The companies that survive these trends will be the ones that are extremely cost disciplined, and that focus on their unique areas of expertise and competitive advantage.
Telecoms: Catching up with the mobile and data explosion
The mobile and data spaces have been among the most rapidly changing in the world. To keep up and make more money off of that, the telecom industry has to change as well. Data traffic has absolutely exploded as people buy and use tablets and smartphones.
The industry needs to get ahead and bring mobile networks up to the standard of fixed line networks, or watch more of their business be captured by internet players. Charging more for limited, existing networks based on higher demand isn't going to be a successful strategy in the long run.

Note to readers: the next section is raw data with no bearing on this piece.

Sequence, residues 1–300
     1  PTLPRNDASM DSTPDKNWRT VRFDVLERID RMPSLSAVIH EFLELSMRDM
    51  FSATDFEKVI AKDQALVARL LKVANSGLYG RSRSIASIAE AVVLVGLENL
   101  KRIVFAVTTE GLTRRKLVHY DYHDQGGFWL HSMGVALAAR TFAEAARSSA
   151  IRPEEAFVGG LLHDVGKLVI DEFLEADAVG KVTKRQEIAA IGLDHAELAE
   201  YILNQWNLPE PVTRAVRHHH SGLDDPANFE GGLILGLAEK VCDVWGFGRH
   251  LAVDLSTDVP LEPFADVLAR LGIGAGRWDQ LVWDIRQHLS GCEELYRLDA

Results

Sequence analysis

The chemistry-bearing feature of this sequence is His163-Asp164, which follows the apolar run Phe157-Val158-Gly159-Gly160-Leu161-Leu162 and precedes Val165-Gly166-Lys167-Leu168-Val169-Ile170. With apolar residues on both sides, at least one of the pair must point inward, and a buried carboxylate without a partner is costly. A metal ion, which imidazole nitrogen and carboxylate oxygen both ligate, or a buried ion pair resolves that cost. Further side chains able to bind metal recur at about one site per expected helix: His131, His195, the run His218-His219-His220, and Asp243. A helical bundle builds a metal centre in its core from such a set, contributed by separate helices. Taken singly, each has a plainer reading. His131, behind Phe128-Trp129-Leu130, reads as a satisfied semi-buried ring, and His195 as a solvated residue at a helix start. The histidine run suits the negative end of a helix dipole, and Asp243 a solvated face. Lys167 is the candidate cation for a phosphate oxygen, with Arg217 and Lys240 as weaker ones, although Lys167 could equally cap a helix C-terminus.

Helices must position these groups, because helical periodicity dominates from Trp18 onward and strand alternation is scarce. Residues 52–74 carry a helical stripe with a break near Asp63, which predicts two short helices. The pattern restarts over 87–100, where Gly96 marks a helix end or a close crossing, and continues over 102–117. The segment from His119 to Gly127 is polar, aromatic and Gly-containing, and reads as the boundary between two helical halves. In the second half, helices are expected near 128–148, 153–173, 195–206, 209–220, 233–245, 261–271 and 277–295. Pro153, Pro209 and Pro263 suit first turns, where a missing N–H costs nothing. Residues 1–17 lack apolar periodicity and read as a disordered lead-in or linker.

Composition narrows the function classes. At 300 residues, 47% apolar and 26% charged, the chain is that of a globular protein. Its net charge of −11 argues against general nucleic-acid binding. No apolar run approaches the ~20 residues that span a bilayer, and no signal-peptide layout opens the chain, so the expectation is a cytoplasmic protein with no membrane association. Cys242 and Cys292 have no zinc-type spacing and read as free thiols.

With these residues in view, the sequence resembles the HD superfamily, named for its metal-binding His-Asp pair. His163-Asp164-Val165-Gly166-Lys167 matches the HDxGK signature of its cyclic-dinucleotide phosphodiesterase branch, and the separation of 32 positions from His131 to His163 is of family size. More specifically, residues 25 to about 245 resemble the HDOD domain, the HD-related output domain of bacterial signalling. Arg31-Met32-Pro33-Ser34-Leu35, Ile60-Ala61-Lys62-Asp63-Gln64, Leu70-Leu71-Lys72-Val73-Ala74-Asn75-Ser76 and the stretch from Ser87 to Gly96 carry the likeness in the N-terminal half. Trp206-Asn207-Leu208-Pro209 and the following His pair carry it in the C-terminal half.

Utilities: Seizing an opportunity to make historic upgrades
Hurricane Sandy put our infrastructure and utilities in the spotlight like almost nothing else could. The economic conditions are bringing government and media scrutiny. But it's also an opportunity, Booz's report says:
"Fortunately, these challenges come at a time of historic opportunity for the industry. During the past few years, an unprecedented convergence of low costs of capital and pent-up infrastructure demand easing rate pressures have created ideal conditions for building the electric and gas utilities of the future."
These aren't investments for tomorrow, they're investments for the next 50 years, and there won't be a better time to make them.
Find the full report here